The business landscape is increasingly mobile. In fact, industry analysts project that the global mobile workforce will exceed 1.2 billion as early as 2013 and the overall mobility market will top $1 trillion by 2014. With the explosive growth of mobile and smart computing technologies, businesses have become more intelligent, instrumented, interconnected and dynamic. But to fully leverage the opportunities afforded by mobility and smart computing, CIOs need to take an end-to-end approach to ensure success in both internal operations and traditional business-to-consumer relationships.
This mobility and smart computing boom has been fueled by a convergence of innovations in software architectures, back-room data center operations, wireless and broadband communications, and numerous smaller and more powerful client devices that are connected to the network to empower all the stakeholders in the value chain, from the C-level to the front-end executives.
These innovations collectively make up smart computing, which has put the power into the hands of the end user, giving businesses the power to act in real time.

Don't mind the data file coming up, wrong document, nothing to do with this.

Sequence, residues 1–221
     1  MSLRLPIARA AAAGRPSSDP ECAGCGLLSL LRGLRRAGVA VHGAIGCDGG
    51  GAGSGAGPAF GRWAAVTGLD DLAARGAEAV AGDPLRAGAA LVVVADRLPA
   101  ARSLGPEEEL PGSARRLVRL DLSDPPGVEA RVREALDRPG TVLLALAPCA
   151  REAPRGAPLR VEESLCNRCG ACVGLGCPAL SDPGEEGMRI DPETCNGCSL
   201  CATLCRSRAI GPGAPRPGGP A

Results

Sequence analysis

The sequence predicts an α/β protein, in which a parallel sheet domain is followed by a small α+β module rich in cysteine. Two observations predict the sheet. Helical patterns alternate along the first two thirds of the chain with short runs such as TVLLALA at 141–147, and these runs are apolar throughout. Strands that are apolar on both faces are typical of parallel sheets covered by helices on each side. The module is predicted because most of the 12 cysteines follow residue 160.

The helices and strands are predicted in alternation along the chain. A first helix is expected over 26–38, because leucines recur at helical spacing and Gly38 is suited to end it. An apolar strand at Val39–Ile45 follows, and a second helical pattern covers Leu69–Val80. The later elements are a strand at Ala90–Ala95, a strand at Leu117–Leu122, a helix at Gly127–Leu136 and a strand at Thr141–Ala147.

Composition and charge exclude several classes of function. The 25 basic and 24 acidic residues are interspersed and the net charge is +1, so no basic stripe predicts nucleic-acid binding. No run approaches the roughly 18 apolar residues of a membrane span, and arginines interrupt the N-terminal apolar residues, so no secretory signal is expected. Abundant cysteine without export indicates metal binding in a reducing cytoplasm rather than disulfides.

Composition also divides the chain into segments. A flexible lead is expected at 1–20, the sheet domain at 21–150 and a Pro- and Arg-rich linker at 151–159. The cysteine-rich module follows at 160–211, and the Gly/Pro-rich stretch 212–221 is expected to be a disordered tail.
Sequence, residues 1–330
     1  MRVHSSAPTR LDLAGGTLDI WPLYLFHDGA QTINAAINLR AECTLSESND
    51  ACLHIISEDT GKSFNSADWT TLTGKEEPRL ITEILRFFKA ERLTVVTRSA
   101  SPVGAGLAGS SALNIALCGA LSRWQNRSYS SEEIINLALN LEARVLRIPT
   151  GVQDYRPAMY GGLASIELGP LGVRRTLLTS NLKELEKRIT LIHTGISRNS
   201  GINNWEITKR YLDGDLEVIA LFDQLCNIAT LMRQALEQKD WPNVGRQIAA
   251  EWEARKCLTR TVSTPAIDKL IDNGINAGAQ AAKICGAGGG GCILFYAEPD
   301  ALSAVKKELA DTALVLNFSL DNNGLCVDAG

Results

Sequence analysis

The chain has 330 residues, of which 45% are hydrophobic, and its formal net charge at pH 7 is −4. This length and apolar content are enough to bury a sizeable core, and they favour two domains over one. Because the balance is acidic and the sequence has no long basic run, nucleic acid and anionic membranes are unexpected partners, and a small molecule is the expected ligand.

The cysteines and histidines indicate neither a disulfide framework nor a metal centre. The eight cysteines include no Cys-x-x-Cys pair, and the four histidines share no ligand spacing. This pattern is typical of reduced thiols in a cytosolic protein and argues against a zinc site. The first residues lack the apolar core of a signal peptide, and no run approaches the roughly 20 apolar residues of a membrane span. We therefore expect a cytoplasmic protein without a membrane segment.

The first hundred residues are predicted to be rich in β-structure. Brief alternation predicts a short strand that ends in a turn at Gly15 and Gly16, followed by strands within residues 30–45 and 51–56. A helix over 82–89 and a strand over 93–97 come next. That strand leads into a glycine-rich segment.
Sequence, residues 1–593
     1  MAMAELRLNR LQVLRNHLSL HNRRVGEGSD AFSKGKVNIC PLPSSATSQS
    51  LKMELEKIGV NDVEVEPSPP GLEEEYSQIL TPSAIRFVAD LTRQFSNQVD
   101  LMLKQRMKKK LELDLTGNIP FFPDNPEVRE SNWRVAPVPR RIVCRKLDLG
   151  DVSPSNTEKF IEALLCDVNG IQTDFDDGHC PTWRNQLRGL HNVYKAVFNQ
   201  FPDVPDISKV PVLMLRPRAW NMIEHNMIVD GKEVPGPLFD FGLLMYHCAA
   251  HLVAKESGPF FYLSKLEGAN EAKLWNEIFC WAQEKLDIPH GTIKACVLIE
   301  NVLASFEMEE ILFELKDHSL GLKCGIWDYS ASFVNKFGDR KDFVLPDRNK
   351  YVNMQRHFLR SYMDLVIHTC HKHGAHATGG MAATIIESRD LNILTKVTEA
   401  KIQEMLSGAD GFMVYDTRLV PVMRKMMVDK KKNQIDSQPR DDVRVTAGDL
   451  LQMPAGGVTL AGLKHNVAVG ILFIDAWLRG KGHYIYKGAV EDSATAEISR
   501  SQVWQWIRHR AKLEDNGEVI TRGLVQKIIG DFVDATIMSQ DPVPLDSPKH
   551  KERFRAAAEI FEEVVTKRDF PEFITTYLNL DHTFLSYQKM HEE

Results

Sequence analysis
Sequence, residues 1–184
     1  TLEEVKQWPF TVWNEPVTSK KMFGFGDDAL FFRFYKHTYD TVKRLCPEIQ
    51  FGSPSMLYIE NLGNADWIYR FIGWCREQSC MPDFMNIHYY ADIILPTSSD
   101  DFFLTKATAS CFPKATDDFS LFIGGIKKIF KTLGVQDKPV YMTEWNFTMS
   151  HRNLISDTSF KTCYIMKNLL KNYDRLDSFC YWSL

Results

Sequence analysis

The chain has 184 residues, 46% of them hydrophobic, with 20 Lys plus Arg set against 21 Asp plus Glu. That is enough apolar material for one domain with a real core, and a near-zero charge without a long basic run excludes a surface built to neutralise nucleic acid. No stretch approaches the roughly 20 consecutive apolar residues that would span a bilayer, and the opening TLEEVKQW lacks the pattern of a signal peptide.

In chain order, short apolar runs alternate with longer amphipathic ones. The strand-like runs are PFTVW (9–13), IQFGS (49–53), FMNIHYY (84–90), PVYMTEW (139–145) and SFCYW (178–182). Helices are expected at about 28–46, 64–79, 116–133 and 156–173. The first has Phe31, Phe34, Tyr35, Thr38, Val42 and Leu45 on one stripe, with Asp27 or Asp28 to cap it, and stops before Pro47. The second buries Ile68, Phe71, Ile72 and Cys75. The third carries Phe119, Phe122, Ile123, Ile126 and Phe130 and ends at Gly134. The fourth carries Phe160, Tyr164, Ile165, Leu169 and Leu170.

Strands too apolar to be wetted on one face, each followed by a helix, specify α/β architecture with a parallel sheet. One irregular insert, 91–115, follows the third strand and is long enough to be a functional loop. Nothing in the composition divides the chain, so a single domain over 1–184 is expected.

The Business Impact of Mobility and Smart Computing
The growth of mobility is indisputable and the application of mobility and smart computing is widespread, impacting industries from all verticals, transforming interactions of all sorts – from social networking and machine-to-machine communication to business intelligence.
Organizations have leveraged these emerging technologies – by both retooling their internal workforces and redefining their business-to-consumer models – and are now empowered to improve employee efficiency and influence consumer behavior. Mobility and smart computing has brought about the following changes:
1) Empowered business users. As employees are able to quickly execute basic tasks, like reporting, and even complex tasks, like using smart analytics from their phones and other mobile devices, both worker efficiency and effectiveness have improved and information-on-the-go has helped end users make quick, informed decisions.
2) Created new consumer channels. The smart phones have given a massive boost to virtual shopping, creating a brand new paradigm in the retail sector. In fact, as the online shopping experience improves through better, more scalable and user-friendly platforms, more and more brands are focusing their energies and marketing spend online, given the reach and convenience afforded by smart computing to both consumers and retailers.
3) Enhanced the customer/brand experience. With the use of location-based technology, businesses are now able to use GPS and wireless-network technology to send location-relevant information to mobile devices. Augmented reality apps have given businesses the power to give their customers a more inclusive, interactive and engaging brand experience by overlaying displays of real-world objects with digital information.